Vic D
12-10-2011, 05:16 AM
How would raising the bridge lower the action? I don't get it. But I have a cold and my head is not working as it should.

S

If you had woken from the dream I had woken from you'd have been just as disoriented. Let's just say that waking up was hard to do, I can only hope it will be recurring. ;)

Vic D
12-10-2011, 05:19 AM
OK, so it looks like I jumped the gun in judging that the action would be high. I strung it up and I've barely got 1/8" at the 12th fret which to me is a darn good starting point! I need to lower things at the nut and I can drop the saddle at least a 1/32nd and still have break angle. I might just leave the saddle alone.

That's awesome. As a general rule, if you place a straight edge on the fretboard and it just clears the bridge, you're golden. You can always take the bridge down a hair too.

I think I'm going to take a nap.

luthier
12-11-2011, 01:31 AM
You're right Rick, but I would like to be able to play this a little if possible. I just want to warn anyone else with a Grizzly kit and I have plenty of time to waste anyway. How about the Stew-Mac kits?
I helped a guy building a SM soprano kit several months ago. Its so-called mahogany b&s doesn't look like mahogany to me at all. The parts are quite rough, and one end of it one-piece side was overbent with severe runnout(like 50 degrees). For me I prefer building from scratch because it's easier to make one up to my not-so-high standard.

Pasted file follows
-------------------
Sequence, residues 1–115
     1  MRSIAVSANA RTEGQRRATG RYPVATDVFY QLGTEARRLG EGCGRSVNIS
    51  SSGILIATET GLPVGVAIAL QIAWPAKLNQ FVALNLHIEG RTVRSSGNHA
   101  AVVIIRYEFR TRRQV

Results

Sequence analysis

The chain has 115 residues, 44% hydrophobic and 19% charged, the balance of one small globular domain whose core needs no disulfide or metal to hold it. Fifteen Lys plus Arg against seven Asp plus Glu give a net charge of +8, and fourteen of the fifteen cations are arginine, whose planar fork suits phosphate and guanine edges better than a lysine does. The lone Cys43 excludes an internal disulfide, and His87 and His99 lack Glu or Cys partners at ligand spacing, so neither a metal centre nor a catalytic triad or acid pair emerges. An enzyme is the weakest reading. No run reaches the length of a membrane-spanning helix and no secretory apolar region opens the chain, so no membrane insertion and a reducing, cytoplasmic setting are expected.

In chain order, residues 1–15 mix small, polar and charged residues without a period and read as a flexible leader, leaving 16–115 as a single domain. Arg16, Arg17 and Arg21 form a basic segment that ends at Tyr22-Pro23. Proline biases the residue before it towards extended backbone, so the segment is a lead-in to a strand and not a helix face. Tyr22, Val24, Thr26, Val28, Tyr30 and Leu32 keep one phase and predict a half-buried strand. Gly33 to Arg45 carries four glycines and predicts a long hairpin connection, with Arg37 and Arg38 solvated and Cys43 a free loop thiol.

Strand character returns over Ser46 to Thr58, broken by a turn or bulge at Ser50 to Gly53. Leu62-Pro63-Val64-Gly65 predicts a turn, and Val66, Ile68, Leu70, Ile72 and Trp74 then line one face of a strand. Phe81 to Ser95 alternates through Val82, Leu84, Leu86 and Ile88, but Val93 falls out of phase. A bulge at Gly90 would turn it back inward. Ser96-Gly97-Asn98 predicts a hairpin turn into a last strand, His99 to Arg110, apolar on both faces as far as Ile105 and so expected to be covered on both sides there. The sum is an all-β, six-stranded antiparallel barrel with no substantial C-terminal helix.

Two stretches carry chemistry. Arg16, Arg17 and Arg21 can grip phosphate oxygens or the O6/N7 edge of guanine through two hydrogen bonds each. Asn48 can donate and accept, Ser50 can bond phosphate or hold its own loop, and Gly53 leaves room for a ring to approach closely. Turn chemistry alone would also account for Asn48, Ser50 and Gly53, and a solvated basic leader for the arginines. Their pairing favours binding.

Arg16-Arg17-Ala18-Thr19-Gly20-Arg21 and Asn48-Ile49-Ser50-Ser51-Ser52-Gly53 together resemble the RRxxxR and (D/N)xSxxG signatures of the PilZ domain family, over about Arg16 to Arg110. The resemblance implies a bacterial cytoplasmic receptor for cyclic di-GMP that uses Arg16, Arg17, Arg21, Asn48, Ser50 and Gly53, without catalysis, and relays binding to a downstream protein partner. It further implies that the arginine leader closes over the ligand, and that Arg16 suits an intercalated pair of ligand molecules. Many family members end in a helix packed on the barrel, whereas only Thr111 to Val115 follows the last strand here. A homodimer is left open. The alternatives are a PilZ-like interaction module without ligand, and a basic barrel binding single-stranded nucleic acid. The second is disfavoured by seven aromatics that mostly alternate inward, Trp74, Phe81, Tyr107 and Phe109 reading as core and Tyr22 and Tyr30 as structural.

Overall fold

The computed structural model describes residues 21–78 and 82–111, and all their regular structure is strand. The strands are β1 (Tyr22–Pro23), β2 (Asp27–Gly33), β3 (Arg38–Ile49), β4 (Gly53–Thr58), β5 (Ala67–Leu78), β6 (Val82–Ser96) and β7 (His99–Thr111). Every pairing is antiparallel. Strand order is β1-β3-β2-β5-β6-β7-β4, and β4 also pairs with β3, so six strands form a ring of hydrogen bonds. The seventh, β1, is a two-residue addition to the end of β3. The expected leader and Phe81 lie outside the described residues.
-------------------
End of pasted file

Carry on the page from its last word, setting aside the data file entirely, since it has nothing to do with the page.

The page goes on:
Vic D
12-11-2011, 08:00 AM
I helped a guy building a SM soprano kit several months ago. Its so-called mahogany b&s doesn't look like mahogany to me at all. The parts are quite rough, and one end of it one-piece side was overbent with severe runnout(like 50 degrees). For me I prefer building from scratch because it's easier to make one up to my not-so-high standard.

I hear that happens. Actually when I received my stewmac soprano kit part of one side of the top was broken off and missing. I called and without any questions they zipped me a new one. The one piece side was a bit out of whack and did have some runout in one area but I didn't recognize that at the time. Still, they were really helpful and it turned out to be a pretty nice sounding uke.

mr roper
01-22-2012, 03:33 PM
This thing is all done. Things I did that made sense too me:

1. The location for the bridge that the instructions gave didn't allow for any compensation so I moved the bridge 3/32 further.

2. The distance to the first fret was long so I shaved 1/32 off at the nut end.

3. Thinned the bridge 1/32 off of the bottom.

4. Made a new nut with better/wider spacing.

The action is great and plays nicely in tune once the cheap friction tuners are set.

Stewmac soprano kit is on its way!